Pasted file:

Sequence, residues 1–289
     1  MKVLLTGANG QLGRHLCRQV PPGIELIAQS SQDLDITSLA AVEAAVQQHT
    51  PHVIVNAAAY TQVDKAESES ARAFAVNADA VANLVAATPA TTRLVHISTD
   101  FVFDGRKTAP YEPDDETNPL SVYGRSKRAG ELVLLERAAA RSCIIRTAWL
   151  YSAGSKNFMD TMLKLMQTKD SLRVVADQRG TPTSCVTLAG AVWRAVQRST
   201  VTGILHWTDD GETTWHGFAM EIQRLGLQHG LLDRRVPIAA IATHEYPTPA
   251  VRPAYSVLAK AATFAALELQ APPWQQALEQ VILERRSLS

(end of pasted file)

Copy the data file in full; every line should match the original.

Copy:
Sequence, residues 1–289
     1  MKVLLTGANG QLGRHLCRQV PPGIELIAQS SQDLDITSLA AVEAAVQQHT
    51  PHVIVNAAAY TQVDKAESES ARAFAVNADA VANLVAATPA TTRLVHISTD
   101  FVFDGRKTAP YEPDDETNPL SVYGRSKRAG ELVLLERAAA RSCIIRTAWL
   151  YSAGSKNFMD TMLKLMQTKD SLRVVADQRG TPTSCVTLAG AVWRAVQRST
   201  VTGILHWTDD GETTWHGFAM EIQRLGLQHG LLDRRVPIAA IATHEYPTPA
   251  VRPAYSVLAK AATFAALELQ APPWQQALEQ VILERRSLS